Malta Philharmonic makes an impressive showing in mixed program

Sun Dec 02, 2018 at 11:48 am
Sergey Smbatyan conducted the Malta Philharmonic Orchestra at Carnegie Hall Saturday night.

Sergey Smbatyan conducted the Malta Philharmonic Orchestra at Carnegie Hall Saturday night.

Even in a city like New York, where pretty much anything that exists can be had, at any time of the day or night, there are still chances to experience the rare and unusual. 

Such was the case Saturday night in Carnegie Hall, where the Malta Philharmonic Orchestra, with conductor Sergey Smbatyan, made a notable appearance.

The concert was part of a tour in celebration of the orchestra’s 50th anniversary, though its roots date back to the era when the island was still a British colony.

As heard Saturday night, this is an impressive group. They played with polished technique and fine orchestral balances. The string section is smaller than that of most major orchestras, and so their weight is lighter; and while the front-desk soloists were solid, they didn’t have the last measure of musicality one hears from the New York Philharmonic or the other orchestras that appear in Carnegie Hall.

In an evening of mostly satisfying music-making, the only flaw was in the programming itself. Sandwiched inside an enjoyable work by Maltese composer Joseph Vella and Shostakovich’s Symphony No. 5 was Travel Notebook Suite for piano and orchestra, composed by Alexey Shor, and featuring pianist Ingolf Wunder as soloist.

In seven sections, each “inspired” by a trip to a place like Barcelona or Venice, the music collected the most obvious banalities of sentiment and place. The rhythmic and melodic flavors for Barcelona, Rome, et al were all ersatz. Occasionally the music showed a flash of personality, but in the main it was without a distinctive style and anonymous.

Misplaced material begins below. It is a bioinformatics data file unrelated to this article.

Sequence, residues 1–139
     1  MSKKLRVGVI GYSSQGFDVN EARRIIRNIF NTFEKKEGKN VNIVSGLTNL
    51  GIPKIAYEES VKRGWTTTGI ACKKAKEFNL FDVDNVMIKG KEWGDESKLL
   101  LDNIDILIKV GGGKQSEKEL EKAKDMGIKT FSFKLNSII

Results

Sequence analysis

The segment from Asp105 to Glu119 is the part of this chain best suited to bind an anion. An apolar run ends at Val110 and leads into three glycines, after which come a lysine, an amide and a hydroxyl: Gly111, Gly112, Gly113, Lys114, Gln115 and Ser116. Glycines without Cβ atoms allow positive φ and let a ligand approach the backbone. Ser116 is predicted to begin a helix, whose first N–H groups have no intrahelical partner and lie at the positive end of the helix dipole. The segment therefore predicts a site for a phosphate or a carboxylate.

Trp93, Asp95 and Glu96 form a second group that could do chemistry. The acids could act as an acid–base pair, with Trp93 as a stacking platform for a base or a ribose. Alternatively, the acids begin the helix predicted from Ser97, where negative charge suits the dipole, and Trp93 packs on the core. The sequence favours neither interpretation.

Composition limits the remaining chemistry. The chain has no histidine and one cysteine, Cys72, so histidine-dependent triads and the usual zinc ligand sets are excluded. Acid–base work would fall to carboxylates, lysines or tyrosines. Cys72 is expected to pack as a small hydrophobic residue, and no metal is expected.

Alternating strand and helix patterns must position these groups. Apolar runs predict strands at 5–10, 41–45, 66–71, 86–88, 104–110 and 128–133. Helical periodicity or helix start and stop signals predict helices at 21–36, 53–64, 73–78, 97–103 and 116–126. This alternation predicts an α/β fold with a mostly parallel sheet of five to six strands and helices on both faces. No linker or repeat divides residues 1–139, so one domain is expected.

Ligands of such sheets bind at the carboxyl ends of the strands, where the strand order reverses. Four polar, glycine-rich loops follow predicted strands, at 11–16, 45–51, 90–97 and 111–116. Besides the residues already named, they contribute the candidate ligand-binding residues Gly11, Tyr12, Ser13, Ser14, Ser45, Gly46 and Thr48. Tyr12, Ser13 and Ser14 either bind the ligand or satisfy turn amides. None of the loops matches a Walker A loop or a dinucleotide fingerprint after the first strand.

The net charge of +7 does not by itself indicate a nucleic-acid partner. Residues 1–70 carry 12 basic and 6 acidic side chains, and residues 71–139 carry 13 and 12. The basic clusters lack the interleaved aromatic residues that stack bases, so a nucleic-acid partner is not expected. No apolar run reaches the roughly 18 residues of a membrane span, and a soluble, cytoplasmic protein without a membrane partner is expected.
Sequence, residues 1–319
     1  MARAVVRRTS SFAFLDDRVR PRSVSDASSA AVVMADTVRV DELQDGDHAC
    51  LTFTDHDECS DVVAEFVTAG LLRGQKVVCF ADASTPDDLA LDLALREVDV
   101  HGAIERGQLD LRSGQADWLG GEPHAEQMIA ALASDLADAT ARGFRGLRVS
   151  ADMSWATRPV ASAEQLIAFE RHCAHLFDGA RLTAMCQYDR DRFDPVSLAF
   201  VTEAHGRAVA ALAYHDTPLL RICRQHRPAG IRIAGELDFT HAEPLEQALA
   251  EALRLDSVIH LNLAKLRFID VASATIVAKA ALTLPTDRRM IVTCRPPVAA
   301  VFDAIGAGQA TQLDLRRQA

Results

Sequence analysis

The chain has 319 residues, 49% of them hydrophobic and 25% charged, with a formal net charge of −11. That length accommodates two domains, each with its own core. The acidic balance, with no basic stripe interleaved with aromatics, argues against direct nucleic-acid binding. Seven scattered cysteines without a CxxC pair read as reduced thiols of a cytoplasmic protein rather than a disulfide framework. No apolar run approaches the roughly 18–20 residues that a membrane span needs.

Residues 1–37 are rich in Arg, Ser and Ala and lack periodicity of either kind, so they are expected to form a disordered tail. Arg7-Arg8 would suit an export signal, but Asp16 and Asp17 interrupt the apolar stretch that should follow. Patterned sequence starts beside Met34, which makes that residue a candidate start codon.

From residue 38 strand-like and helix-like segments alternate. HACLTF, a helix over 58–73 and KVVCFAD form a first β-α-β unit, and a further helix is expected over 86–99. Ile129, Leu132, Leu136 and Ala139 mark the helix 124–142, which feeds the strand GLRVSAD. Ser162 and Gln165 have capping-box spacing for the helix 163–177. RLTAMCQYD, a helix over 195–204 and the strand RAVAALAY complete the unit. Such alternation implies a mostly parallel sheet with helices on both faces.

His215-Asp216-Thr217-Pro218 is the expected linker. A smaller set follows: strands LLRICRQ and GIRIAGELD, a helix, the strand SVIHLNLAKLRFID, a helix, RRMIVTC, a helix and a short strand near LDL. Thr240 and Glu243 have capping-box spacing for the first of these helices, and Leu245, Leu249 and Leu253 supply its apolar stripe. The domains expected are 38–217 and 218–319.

Wunder played with steady, stolid rhythms and a monochromatic touch, satisfied with what seemed a straight reading of his part. For those who enjoyed his playing, he hammered out a messy Chopin Polonaise, Op. 53, as an encore.

Travel Notebook was especially disappointing after the shine of the thinking and playing in Vella’s Rebbieha, Op. 45. This was a dramatic overture with energy, imagination and an individual voice. That Vella positions himself somewhere between Ralph Vaughan Williams and Shostakovich enhanced the music’s qualit-—he acknowledged what was important to him and showed what he had to contribute. Rebbieha was also a chance for the orchestra and Smbatyan to show their mettle, which was most impressive. 

The Shostakovich symphony provided an even greater demonstration of what the Malta Philharmonic was capable of.

At the start, things didn’t really click; the playing was precise and intelligent, with impressive command of dynamics, but it didn’t feel like Shostakovich was present. There was none of the composer’s special tension, the feeling of a fist clenched tight around an exceedingly fine thread.

But at the point where the tempo increases before the first movement march, the spirit came together, and the energy was not just technical but organic. Except for some intonation problems in the exposed woodwind and cello passages in the Largo, this was a strong and skillful performance.

Smabatyan’s attempt to immediately segue from the Largo to the final movement was thwarted by audience applause, and perhaps that produced the extra amount of fury that opened the Allegro non troppo. This final movement had a superb shape and drive. The final pages are commonly, and naturally, heard as, at best, a Pyrrhic victory. To Smbatyan, they expressed unequivocal triumph, and it’s a credit to the conductor and orchestra that they convinced the listener it could be nothing else.


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